Joalane Tongoane fell in love with football at an early age while playing with boys in the dusty streets of Ha ‘Makhoroana in the Berea district, but little did she know that her journey with the beautiful game would take her to the pinnacle of football administration in the Mountain Kingdom of Lesotho.
In this wide-ranging interview with the Lesotho Football Association media team, Tongoane opens-up on her transition from being player to an administrator.
LeFA: First thing first, who is Joalane Tongoane?
JT: Joalane Tongoana is a young lady from the rural areas of Berea, Ha ‘Makhoroana. I used to play soccer with boys at my village and that was from the age of 7-years going into my primary days. My love for football developed rapidly throughout my high school days at ’Malithuso High School as we participated in sports activities and mostly girls’ football. I believe I had grown in leaps as a player because I was selected for the Vision 2020 team playing for Maseru District in 2006 and 2007 respectively. In 2010 joined Rovers Ladies team and was appointed captain of the team in 2012. This was during my time studying at the National University of Lesotho.
LeFA: How difficult was it to balance the two?
JT: It wasn’t easy at all because I had a lot of schoolwork to do almost every day at the University and having to make time for football made it difficult, but God gave me the strength and I managed to do both. I had people like former Women’s national team player Makopo Kepa (KB), who kept me motivated because she has been doing the same for years as a female soccer player and also studying at the National University of Lesotho. That made me realize that when time is managed well, there is a lot that can be achieved. I managed to live my passion, which was playing football and also graduated with a BA in Sociology and Development Studies.
LeFA: Take us through that transition from being a player to the management side of the game…
JT: In 2016, I got very ill, I was admitted in hospital and was diagnosed with meningitis. The doctor told me that I will no longer bear the pressure of high-intensity training and that’s when I decided to call it a day as a player. I then moved to administration and joined the management of Rovers Ladies and I was also elected as the Vice-Secretary of the Women National Committee. The new role helped me to grow as an administrator and managed to find experienced football administrators like Mr. Chris Bullock, who was the Secretary.
He took me under his wing as my mentor and saw the potential I had as a young administrator. We worked well together, and I really enjoyed my time serving women football and the beautiful game. The following year, I was elected to be a member in the Women’s Super League Committee, where I would once again team-up with Mr Bullock, who was the Chairperson for that committee.
I cannot forget Mr Tjamela Tjamela, whom I succeeded as the Women Desk Officer at the Lesotho Football Association in 2019. He is another person who also motivated me in my early days in Women football administration.
LeFA: It’s surely a dream come true for you to work for the Lesotho Football Association overseeing Women football?
JT: I was very happy after being given the opportunity to serve women football development working for the football mother body. It has been a fulfilling experience though very challenging. It was and it is not easy as a young lady, but the support that I get from my colleagues and principals especially the head of the department-Mr. Leslie Notsi as the Technical Director. He keeps me going, I think we are making good progress towards improving the standards of women football in the country.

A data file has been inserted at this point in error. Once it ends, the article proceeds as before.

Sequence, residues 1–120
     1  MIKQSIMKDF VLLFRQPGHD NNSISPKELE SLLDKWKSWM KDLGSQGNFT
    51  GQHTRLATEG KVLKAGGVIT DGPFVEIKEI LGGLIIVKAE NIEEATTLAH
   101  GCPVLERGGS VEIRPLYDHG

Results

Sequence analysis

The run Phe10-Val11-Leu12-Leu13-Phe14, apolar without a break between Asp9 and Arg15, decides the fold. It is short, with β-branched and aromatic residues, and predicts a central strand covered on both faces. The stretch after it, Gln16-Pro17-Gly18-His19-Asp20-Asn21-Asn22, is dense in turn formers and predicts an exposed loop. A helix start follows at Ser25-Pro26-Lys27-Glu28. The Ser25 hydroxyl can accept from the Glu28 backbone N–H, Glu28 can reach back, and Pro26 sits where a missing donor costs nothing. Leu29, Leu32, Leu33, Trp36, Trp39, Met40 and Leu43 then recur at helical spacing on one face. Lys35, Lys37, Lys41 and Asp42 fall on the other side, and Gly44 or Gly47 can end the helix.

I have also discovered that we have a lot of talented young girls throughout the country. However, the biggest challenge especially in the remote areas, girls are still being restricted from playing football and displaying their God given talents. Due to our culture, a lot of girls are still being denied the opportunity to play football as it’s still being considered as a male sport. That hampers their development because they do not get the same support as boys especially those that play football when it comes to things like buying them soccer boots. I believe we also must do a lot of training for female coaches and those working in women football. There is a lot they need to learn about women football.
I believe there is a need for a country-wide awareness to change this culture that playing football is for only males. Parents need to understand the need to support end encourage girls to also play football. Such campaigns have worked wonders for grassroots football and I’m confident they can do the same for women football.
LeFA: How much have you developed since joining the football mother body in Lesotho?
JT: I have developed a lot since joining LeFA and the learning continues. In 2018, I attended the FIFA coaching course held here at home by FIFA Instructor-Mrs. Jacqui Shipanga from Namibia. LeFA also sent me to the Women Administration course held in Cairo, Egypt in 2019. The course was challenging as I had only been in the office for three months, but I gave it my all because we had a long chat with the then LeFA Development Officer Mr. Mohaila Letseka regarding what to expect. He gave me all the necessary information prior to the course and my presentation about girls grassroots football was chosen among the best four out of 30 countries that participated. I also did the CAF D License Coaching instructed by Mrs. Bootes from South Africa.
LeFA: What’s your message to young girls hoping to follow in your footsteps?
JT: You are strong, able and exceptional. Don’t let anyone tell you otherwise. A healthy body means a healthy mind; spread it out to other girls out there. #sportsforusall.